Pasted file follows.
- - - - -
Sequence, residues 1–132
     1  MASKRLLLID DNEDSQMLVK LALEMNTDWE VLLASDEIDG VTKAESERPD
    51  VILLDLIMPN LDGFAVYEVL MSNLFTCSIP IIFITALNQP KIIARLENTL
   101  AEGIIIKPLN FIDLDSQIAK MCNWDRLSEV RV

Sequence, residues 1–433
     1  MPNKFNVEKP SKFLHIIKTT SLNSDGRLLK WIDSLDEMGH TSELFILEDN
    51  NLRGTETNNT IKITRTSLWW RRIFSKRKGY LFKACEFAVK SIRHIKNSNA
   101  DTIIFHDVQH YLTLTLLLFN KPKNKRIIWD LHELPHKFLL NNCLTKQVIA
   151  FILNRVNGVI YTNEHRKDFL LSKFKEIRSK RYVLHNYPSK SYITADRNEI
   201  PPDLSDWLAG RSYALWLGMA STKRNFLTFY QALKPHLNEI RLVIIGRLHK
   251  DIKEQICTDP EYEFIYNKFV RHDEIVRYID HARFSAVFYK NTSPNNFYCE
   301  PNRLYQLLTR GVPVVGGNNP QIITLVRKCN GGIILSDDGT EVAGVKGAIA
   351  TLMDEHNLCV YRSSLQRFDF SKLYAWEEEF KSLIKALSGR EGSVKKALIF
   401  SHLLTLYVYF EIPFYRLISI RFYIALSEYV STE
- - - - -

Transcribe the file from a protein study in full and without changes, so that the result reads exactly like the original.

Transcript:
Sequence, residues 1–132
     1  MASKRLLLID DNEDSQMLVK LALEMNTDWE VLLASDEIDG VTKAESERPD
    51  VILLDLIMPN LDGFAVYEVL MSNLFTCSIP IIFITALNQP KIIARLENTL
   101  AEGIIIKPLN FIDLDSQIAK MCNWDRLSEV RV

Sequence, residues 1–433
     1  MPNKFNVEKP SKFLHIIKTT SLNSDGRLLK WIDSLDEMGH TSELFILEDN
    51  NLRGTETNNT IKITRTSLWW RRIFSKRKGY LFKACEFAVK SIRHIKNSNA
   101  DTIIFHDVQH YLTLTLLLFN KPKNKRIIWD LHELPHKFLL NNCLTKQVIA
   151  FILNRVNGVI YTNEHRKDFL LSKFKEIRSK RYVLHNYPSK SYITADRNEI
   201  PPDLSDWLAG RSYALWLGMA STKRNFLTFY QALKPHLNEI RLVIIGRLHK
   251  DIKEQICTDP EYEFIYNKFV RHDEIVRYID HARFSAVFYK NTSPNNFYCE
   301  PNRLYQLLTR GVPVVGGNNP QIITLVRKCN GGIILSDDGT EVAGVKGAIA
   351  TLMDEHNLCV YRSSLQRFDF SKLYAWEEEF KSLIKALSGR EGSVKKALIF
   401  SHLLTLYVYF EIPFYRLISI RFYIALSEYV STE